Showing posts from May, 2010

A Day in Mobile...Day 11

I've long awaited the day of driving, once again, to my favorite clothing store (after Nordstrom, that is) - Stein Mart! Today was the day, and the visit didn't disappoint. Well, actually, it may have been disappointing to the young male travelers in our midst, but for us females it was great!

We enjoyed Stein Mart and then shopped Cato, as well. All successful, I'm happy to report; Lisa, Morgan and I all came away with very fun things that we would be hard pressed to find at home. Big smiles all around! Then, we went in search of Yellow Box sandals...fancy flip-flops, really. Success there, too, at a wonderful shoe and purse store called Shoe Station. Yeah...I said shoes and purses! Sweet!

Morgan wasn't particularly interested in the Yellow Box sandals, but a brand of shoe called Toms. I'd never heard of them, but there they were, in all their canvas glory. I guess they are a type of humanitarian shoe; for every pair purchased, the company will give a pair to a need…

Slowin' Down in the South...Day 10

Hangin' out at Meemaw's house is a lesson in slowing down, taking it easy, resting and sitting. A valuable lesson for me, that's for sure!

Us girls went to church this morning with Josie, my mother-in-law, and then we enjoyed a lovely, old-fashioned, sit-down-at-the-table Sunday 'dinner', which is actually served at lunchtime according to the rest of the country. We visited with my husband's brother for a bit then snacked, visited and sat some more. The kids went for a walk while I cleaned up Josie's computer a bit, then we watched a movie...all of us...together. I know. Strange.

We all got our laundry cleaned and re-packed, the boys hung out, read or played a bit of pool. They even went for a walk around the neighborhood between the thunder and rain squalls.

Distance traveled: less than 5 miles to church Calories consumed: ack! I don't even want to think about it! Movie watched: Hulk, the new was okay Loads of laundry: at least 6, but I wasn't …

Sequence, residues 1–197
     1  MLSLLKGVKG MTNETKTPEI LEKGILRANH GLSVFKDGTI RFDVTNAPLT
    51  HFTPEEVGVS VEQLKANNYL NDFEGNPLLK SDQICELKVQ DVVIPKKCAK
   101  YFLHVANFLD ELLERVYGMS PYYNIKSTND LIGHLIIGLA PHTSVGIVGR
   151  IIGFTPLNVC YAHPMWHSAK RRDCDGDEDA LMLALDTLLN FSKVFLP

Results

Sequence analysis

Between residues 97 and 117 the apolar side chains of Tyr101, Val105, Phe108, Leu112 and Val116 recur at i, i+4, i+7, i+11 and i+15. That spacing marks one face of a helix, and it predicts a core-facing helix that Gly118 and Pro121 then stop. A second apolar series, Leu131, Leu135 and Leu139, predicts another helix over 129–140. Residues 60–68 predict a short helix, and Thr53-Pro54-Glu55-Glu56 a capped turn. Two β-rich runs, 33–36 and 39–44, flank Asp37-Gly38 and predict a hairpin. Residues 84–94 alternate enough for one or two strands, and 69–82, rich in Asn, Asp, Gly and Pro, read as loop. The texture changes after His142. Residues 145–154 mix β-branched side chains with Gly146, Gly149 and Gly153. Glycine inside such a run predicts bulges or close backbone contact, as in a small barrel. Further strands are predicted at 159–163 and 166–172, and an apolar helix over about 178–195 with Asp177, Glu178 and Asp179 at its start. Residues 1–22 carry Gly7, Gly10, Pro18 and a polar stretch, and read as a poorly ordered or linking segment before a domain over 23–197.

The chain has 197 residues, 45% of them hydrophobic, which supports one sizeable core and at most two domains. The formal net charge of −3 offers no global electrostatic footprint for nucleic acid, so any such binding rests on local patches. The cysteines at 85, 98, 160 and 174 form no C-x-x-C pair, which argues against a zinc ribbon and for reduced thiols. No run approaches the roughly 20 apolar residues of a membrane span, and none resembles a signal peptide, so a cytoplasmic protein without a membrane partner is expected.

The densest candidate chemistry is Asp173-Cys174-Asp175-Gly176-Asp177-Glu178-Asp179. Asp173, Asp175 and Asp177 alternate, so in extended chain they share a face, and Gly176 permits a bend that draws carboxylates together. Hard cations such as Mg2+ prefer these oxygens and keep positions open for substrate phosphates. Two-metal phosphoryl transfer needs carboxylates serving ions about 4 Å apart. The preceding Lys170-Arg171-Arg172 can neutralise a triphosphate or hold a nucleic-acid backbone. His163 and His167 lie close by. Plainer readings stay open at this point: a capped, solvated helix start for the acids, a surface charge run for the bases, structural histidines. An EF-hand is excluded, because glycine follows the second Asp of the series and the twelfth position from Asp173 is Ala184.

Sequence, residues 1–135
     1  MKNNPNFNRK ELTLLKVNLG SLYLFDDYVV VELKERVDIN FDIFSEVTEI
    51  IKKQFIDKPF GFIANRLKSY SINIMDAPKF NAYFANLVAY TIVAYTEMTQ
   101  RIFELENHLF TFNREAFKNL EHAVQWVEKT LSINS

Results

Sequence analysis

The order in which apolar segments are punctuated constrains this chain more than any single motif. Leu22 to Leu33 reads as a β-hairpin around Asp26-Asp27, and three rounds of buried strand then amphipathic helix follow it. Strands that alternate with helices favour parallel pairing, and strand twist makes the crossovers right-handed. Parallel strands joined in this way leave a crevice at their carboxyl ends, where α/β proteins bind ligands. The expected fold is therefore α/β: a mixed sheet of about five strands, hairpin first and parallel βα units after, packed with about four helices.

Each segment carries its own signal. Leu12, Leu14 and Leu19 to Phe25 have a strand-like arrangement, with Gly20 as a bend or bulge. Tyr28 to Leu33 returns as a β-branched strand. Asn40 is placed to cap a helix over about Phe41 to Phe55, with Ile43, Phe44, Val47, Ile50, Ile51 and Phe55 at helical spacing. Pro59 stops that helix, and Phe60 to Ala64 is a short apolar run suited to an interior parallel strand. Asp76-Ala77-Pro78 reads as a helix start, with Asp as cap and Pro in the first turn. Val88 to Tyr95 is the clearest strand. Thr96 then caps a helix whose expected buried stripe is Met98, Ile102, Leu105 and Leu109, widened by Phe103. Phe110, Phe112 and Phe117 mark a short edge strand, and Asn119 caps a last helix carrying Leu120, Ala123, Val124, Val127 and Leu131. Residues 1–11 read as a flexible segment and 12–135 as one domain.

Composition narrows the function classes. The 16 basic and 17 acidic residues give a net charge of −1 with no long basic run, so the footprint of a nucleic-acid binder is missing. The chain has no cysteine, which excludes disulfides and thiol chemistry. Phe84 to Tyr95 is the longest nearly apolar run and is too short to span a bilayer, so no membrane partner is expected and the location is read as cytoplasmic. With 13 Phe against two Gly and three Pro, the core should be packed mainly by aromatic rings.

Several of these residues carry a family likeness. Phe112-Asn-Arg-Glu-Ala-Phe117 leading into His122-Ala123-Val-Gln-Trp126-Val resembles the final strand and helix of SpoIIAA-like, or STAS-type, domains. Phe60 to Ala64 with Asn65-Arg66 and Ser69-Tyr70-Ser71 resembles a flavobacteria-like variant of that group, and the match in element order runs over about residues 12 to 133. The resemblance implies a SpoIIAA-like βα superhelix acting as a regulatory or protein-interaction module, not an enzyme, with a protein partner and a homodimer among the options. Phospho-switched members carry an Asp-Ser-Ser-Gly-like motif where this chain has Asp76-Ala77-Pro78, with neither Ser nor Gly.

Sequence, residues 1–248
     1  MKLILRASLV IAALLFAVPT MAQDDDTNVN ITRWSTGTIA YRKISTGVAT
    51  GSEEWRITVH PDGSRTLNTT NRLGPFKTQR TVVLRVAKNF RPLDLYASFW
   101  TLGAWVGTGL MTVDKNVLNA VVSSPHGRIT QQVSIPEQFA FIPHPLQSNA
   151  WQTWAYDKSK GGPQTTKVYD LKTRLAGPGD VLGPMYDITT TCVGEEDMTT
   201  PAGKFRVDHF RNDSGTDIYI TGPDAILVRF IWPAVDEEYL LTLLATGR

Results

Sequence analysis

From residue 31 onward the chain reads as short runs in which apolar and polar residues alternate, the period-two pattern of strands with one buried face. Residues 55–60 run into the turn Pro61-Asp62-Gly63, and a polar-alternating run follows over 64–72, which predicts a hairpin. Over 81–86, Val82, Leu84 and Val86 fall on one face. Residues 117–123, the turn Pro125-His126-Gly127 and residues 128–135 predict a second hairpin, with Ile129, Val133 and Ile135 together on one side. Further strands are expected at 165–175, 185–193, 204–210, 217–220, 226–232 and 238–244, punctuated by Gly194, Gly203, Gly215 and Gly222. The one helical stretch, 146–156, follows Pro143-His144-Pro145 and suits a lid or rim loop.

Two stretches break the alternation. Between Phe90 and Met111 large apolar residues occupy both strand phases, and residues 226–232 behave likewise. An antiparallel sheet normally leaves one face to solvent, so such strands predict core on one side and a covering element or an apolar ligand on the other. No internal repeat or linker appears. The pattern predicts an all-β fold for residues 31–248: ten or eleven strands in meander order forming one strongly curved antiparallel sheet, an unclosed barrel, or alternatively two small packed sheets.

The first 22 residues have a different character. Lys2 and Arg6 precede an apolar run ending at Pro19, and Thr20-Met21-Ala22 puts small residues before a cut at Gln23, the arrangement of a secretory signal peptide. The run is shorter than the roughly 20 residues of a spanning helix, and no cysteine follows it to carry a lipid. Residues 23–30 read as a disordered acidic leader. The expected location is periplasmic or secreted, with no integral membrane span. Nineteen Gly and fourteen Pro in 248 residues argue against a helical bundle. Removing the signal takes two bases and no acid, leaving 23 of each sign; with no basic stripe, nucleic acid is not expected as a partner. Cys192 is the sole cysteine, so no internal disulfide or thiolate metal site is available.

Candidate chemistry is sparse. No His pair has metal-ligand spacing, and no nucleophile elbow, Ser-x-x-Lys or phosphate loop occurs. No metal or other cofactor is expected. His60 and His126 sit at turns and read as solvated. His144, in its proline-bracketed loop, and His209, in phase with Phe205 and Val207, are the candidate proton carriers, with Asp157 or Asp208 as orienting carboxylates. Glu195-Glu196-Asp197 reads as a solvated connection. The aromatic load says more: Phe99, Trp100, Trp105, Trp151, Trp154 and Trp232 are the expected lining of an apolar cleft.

Historic Vicksburg...Day 9

After bidding a fond farewell to our friend Dane in Memphis, we headed south towards the historic town of Vicksburg, Mississippi. This was quite an unexpected trip back in time that we all truly enjoyed.

The Visitor's Center was a small, gifty affair. But, it was the 16 mile drive that was worth the time. Beautiful markers noted the locations of the many, many men, both Union and Confederate, that were camped here during the 47 day siege. As we made our way along the route, we came to the gunboat USS Cairo that was recovered from the bottom of the Yazoo River and reconstructed. The museum of the gunboat and the artifacts it held for over 100 years while submerged was interesting and educational...not to mention cool!

We had the pleasure of talking to a couple of Civil War reenactors, dressed in period uniforms; incredible costuming and wealth of information, to be sure. The gentleman on the right demonstrated the rather complicated loading of a rifle - he was pretty fast, too. He ex…

We Were Walkin' in Memphis...Day 8

Mud Island River Park was wonderful in the glorious sunshine! A quick ride over the river to the park via Monorail gets you to the wonderful museum showcasing everything you could ever want to know about the history of the Mississippi River and the activities surrounding it, and an incredible model of the entire river that you can walk in and around. We really enjoyed everything about this park, except the $3 bottles of water.

After exhausting the Mud Island Park, we found the Memphis Zoo to explore. It is a nice zoo, but I may be spoiled by our own local Pacific Northwest Zoo offerings. The animal exhibits were a bit small for my tastes and silk foliage doesn't fool either the animals or the visitors, unfortunately. We still had fun taking pics and finding the animals sacked out in the shade, snoozing in the heat of the afternoon. My favorites included the tropical birds, the big cats and the small Three Banded Armidillos that resembled mouse droids, both in appearance and moveme…

3-in-1...Day 7

The travelers, plus a friend we picked up in St. Louis
The great states of Missouri, Arkansas and Tennessee all in one day!
Last time we got to visit the Arch, it was overcast and spitting rain on us. This time, we were blessed with beautiful blue sky and sunshine! We completely enjoyed taking our time exploring the Westward Expansion Museum that is under the Arch - I highly recommend it (and, it's free!).

The next stop before heading back to the interstate towards our next hotel was the City Museum. We were NOT expecting the cacophony of noise and school field trips that met us there, that's for sure! The entire museum is four stories made of recycled and reclaimed materials from old architecture, decorative staircases and industrial cast-offs to vintage signs, discarded carnival attractions and found items. It was extremely cool, to say the least...even if very, very overstimulating.